Paramus Chiropractic Care Respects Spinal Extension

Extension of the spine: It is beneficial. It’s harmful. So what is up with extension for the spine? Both are accurate: It’s good. It’s bad. It’s the job of your Paramus chiropractor to help you determine the role of extension in your Paramus back pain relief plan and Paramus back pain control plan moving past the current episode of back pain. Your Paramus chiropractor at Paramus Medical & Sports Rehabilitation Center is well versed in the effects – good and bad – of spinal extension and respects its role in spinal health and motion.


Two of the spine’s most prominent curves – the cervical and lumbar curves – are lordotic curves meaning they curve concavely. Flexion flattens these curves. Extension magnifies them. When a disc herniates or bulges, it does so into the concavity of the curve and potentially pushes on the spinal nerves causing pain. Flexion usually allows the disc bulge to move off of the nerve. Extension often permits the disc bulge to press on the nerves more. Paramus Medical & Sports Rehabilitation Center wants to help lessen painful situations like this!


75% of the flexion and extension movement in the low back is at the L5-S1 level of the lumbar spine. 20% occurs at the L4-L5 level. Therefore, 95% of flexion and extension of the lumbar spine happens at these two lower disc levels. Here, degenerative disc disease (minor and more advanced) occurs most. In the cervical spine, C5-C6 is the spinal level where most of the flexion occurs, and C4-C5 is where most of the extension occurs. Paramus chiropractic patients need beneficial extension!


Paramus Medical & Sports Rehabilitation Center respects extension and gets how it may help and hurt. The extensor muscles in the back weaken and degenerate just like discs degenerate. (1) Extension helps strengthen these muscles to support the spine. Extension is necessary for this when the spine is healthy enough to do extension. Extension to a painful spine may hurt. Why? In the cervical spine, flexion decreased disc protrusion and enlarges the sagittal diameter of the vertebral canal while extension made the disc herniation larger and narrowed the vertebral canal causing stenosis. (2) In a degenerative lumbar spine with spinal stenosis, flexion opened the vertebral canal and relieved pain while extension exacerbated the stenosis and triggered pain. (3) Paramus Medical & Sports Rehabilitation Center knows the key to eliciting the benefits of extension is in recognizing when to apply extension.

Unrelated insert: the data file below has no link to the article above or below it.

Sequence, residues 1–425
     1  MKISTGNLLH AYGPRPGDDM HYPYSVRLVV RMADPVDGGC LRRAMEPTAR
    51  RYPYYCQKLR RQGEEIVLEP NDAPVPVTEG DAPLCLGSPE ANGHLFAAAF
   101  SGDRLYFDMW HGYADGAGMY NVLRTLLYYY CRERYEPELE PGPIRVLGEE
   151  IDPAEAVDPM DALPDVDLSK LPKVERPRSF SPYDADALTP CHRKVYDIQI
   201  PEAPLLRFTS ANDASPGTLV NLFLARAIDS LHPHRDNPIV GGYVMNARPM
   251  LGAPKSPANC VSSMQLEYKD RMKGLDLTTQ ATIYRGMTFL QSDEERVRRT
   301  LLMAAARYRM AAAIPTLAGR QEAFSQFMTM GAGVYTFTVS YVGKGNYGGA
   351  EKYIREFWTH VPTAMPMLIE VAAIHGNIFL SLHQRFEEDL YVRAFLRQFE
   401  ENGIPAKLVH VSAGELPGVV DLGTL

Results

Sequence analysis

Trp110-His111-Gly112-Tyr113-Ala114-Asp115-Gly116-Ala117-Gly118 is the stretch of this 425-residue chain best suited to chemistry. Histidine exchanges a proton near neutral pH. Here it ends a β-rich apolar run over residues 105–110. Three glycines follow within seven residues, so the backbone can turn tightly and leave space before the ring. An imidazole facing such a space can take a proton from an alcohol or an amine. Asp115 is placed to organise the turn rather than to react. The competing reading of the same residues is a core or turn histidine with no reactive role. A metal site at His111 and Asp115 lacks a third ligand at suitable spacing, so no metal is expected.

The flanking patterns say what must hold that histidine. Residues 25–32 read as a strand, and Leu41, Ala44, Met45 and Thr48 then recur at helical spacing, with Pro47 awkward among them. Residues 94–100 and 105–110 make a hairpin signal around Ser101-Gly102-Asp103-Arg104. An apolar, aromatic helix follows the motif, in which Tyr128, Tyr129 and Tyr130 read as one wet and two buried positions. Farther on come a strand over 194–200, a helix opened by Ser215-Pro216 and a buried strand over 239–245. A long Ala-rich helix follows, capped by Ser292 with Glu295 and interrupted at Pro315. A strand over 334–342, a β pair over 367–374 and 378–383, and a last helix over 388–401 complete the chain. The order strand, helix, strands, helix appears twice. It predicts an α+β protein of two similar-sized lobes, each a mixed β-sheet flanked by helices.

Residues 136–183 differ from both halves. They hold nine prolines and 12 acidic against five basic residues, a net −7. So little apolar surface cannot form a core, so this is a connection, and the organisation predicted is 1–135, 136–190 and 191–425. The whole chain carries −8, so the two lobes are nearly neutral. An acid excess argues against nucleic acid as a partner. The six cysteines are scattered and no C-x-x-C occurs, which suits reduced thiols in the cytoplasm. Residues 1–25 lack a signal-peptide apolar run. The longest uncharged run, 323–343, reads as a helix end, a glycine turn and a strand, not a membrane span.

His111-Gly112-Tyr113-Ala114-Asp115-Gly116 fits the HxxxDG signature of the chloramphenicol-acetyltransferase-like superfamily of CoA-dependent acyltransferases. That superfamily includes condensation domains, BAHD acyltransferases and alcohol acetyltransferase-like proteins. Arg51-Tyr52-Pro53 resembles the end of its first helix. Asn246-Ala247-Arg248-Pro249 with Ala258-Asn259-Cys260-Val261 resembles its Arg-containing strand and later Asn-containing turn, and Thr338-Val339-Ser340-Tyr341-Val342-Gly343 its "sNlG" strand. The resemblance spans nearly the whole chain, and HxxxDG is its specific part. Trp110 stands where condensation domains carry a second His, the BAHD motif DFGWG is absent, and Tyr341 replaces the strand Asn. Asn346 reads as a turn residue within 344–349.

Paramus chiropractic treatment integrates extension into the Paramus chiropractic treatment plan for its advantages. Cox® Technic applied to the cervical spine reduced intradiscal pressures to as low as 502 mmHg (4) and to as low as -192 mmHg in the lumbar spine. (5) Extension increased pressures in the lumbar spine to 1250 mmHg (the highest amount the transducer could measure). (4) Reducing intradiscal pressures and back pain is what Paramus Medical & Sports Rehabilitation Center aims to do for its Paramus back pain patients.

CONTACT Paramus Medical & Sports Rehabilitation Center

Listen to this PODCAST with Dr. David Atiyeh on the Back Doctor’s Podcast with Dr. Michael Johnson. He shares how he helped a patient whose back pain persists after multiple back surgeries with flexion distraction which relieves her pain as the table is flexed not extended.

Schedule your Paramus chiropractic appointment with Paramus Medical & Sports Rehabilitation Center today. Let us discover the role extension might have in your back pain recovery and future back pain control strategy.

 Paramus Medical & Sports Rehabilitation Center understands the role of extension in spinal motion, its necessity, its benefits and potential harmful effects.  
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"This information and website content is not intended to diagnose, guarantee results, or recommend specific treatment or activity. It is designed to educate and inform only. Please consult your physician for a thorough examination leading to a diagnosis and well-planned treatment strategy. See more details on the DISCLAIMER page. Content is reviewed by Dr. James M. Cox I."